Bugis Mall at Bugis Junction with over 100 shops or local and international brands, plus delicious food outlets.
VivoCity is located on the river and is where the gondola from Sentosa Island starts/ends. Bars and restaurants spill outside onto a boardwalk. It’s a good mall for a shopping fix and some restaurants and convenient if you’re staying on Sentosa and need a shopping fix.
Haji Lane is in Kampong Glam, in the Muslim quarter. It’s a great location for the vibe, the murals and the food. I wrote more about visiting Haji Lane in this post, including a delicious Italian restaurant I found in the heart of this Middle Eastern dining district.
Little India is the place to come if it’s beautiful fabrics you’re after. There are so many shops filled with colourful silks and ribbons. You’ll find ready-made clothes along Serangoon Road, as well as electronics and delicious restaurants. You’ll also find Mustafa Centre here for knock offs and cheap fashion.
Visit – or stay on – Sentosa Island
If you’re travelling with kids, Sentosa Island is a great place to base yourselves. You’ve got water parks and Universal Studios theme park here, plus a 3km beach for those hot and sticky days.
Siloso Beach is scattered with restaurants and lovely yellow sands with volleyball courts. It’s a lovely place to stroll and swim.
There’s a championship golf course, swanky resorts and a huge array of dining options along the waterfront. About a dozen hotels are located over here including Sofitel Singapore Sentosa Resort & Spa where I got an upgrade after a tweet, and you’re only 15 minutes from the central city, either by monorail from Vivo Centre shopping mall or take the cable car from Harbourfront. Read more about what there is to do on Sentosa Island here >>
Gardens by the Bay
Gardens by the Bay is an ‘only in Singapore’ attraction set over 101 hectares including towering glasshouses and an amazing laser light and music Garden Rhapsody show every evening at 7.45pm or 8.45pm.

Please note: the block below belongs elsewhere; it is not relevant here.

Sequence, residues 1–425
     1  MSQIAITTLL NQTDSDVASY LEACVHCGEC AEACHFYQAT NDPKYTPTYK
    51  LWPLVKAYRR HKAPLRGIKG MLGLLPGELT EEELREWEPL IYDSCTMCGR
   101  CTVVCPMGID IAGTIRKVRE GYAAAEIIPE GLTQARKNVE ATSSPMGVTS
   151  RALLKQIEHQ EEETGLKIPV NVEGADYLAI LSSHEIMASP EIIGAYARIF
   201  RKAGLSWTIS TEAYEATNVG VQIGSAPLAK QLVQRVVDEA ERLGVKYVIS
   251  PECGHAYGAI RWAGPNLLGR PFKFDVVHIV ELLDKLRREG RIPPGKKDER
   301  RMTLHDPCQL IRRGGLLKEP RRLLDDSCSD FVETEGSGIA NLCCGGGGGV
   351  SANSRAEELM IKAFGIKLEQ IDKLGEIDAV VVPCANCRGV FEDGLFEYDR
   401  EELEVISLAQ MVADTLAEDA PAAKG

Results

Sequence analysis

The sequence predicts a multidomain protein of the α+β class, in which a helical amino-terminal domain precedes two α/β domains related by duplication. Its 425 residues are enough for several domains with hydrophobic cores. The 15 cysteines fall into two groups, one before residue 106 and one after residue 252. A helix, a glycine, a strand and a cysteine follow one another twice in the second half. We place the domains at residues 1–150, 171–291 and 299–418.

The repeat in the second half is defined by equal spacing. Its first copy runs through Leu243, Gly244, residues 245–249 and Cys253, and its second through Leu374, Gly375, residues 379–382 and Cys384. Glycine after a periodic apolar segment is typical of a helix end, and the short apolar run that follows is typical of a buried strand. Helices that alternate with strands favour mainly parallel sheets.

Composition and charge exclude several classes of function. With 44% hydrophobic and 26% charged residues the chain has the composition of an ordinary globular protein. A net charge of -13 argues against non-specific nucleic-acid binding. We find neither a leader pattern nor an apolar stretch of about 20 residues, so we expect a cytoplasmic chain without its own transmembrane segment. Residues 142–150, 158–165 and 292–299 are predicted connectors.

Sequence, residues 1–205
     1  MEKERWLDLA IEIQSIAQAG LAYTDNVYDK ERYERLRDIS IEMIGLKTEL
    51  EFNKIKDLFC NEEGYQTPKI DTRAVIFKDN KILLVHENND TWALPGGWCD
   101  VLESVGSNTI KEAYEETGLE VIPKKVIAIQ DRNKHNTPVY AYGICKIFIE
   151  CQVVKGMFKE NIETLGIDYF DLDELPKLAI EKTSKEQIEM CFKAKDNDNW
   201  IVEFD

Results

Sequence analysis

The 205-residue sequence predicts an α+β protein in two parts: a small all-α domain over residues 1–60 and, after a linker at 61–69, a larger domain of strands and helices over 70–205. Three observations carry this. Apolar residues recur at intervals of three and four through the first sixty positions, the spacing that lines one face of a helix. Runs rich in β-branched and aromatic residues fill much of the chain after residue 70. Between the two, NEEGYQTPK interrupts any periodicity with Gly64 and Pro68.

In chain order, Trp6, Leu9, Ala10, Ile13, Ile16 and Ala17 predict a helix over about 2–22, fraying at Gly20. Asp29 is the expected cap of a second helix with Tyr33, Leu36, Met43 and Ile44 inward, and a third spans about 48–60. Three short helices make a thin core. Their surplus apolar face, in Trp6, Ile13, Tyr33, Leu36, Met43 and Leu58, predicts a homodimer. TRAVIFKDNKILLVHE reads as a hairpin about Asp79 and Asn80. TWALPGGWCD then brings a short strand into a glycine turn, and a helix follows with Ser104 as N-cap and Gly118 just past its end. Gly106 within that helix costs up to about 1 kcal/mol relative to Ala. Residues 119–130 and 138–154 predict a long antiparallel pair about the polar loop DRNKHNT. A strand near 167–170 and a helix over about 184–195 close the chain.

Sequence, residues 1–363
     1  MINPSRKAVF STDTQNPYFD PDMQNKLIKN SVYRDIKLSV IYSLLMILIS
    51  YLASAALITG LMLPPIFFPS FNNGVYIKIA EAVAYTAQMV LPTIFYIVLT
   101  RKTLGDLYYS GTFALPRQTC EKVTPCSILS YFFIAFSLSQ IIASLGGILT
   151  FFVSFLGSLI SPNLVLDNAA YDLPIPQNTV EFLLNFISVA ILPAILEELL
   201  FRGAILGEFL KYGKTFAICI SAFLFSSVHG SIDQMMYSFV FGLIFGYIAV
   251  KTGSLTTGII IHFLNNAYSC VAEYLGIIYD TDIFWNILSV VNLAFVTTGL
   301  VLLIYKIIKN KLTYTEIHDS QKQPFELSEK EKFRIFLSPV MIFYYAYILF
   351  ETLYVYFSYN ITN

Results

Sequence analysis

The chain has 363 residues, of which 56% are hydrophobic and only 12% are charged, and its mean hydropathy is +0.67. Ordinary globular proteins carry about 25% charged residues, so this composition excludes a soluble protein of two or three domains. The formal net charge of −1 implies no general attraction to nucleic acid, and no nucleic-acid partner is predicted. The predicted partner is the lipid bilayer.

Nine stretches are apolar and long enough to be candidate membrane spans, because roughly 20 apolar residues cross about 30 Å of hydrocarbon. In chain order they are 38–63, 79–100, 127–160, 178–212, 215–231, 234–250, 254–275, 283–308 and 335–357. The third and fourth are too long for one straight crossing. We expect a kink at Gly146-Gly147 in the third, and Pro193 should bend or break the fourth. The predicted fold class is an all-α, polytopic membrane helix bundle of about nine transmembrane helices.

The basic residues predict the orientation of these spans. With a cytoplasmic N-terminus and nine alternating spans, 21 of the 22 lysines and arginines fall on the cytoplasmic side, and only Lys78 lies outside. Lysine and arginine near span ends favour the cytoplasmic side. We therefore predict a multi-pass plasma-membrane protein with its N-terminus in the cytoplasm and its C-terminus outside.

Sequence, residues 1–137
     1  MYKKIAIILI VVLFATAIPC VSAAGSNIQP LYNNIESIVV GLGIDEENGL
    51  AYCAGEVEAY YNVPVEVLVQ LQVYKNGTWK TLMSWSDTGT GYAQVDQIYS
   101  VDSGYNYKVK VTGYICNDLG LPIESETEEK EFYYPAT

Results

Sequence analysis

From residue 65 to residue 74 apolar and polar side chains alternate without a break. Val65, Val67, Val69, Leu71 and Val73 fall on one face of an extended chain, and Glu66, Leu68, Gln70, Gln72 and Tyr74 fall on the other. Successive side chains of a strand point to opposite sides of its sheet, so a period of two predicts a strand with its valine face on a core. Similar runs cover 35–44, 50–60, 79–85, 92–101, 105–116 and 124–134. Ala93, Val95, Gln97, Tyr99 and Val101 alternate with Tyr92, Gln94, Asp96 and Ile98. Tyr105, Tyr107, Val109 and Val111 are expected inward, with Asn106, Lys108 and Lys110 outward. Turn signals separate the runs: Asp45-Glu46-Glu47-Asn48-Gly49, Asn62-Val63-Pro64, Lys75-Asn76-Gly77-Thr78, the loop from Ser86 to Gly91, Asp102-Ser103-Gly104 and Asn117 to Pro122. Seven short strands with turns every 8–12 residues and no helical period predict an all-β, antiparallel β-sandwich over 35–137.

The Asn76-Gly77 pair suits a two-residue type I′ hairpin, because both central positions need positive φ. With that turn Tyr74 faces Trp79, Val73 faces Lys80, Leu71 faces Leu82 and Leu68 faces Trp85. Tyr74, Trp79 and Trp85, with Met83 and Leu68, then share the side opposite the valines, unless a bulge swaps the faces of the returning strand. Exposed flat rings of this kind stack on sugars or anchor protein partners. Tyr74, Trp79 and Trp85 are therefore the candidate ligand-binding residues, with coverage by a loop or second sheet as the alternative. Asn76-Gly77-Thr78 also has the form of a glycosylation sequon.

Located behind the iconic Marina Bay Sands hotel, the awe-inspiring space also includes the Supertree Grove of metal trees that you climb up inside, embedded with tropical plants, and walk along the canopy.
The Cloud Forest dome is a mysterious world veiled in mist, and home to the world’s largest indoor waterfall that splashes down x floors watering the millions of plants as it falls.
where guests can take in mountain views surrounded by diverse vegetation, as well as learn about rare plants and the environment. Listed as the largest glass greenhouse in the world by 2015 Guinness World Records, the Flower Dome is filled with plants and flowers from the Mediterranean and semi-arid regions.
Singapore Botanic Gardens
Not to be confused with Gardens by the Bay, the Singapore Botanic Gardens are a UNESCO World Heritage site located at the end of the Orchard Road shopping district. The gardens were established in 1859 on 60 acres of land. They boast the world’s largest orchid display. There is also a children’s garden for them to play and learn, plus restaurants and cafes.
Visit Singapore Zoo
I’m not a fan of zoos that exist just as a showcase of healthy animals for those us who want to satiate our curiosity. But Singapore Zoo is one of the best rainforest zoos in the world and ranked in the world’s top 5 zoos with a rehabilitation program and wildlife rescue. They work with threatened primates and the southeast Asian chelonians, and have a world-leading free-ranging Orangutan exhibit.
Join the Singapore Night Safari
I really enjoyed the night safari when I did it a few years ago. Your ticket can include dinner and then, once it’s dark, you’ll hop on a trolly and be driven slowly through the park which is low-lit in blue lights and as your eyes adjust you’ll silently watch the animals as they come out to graze.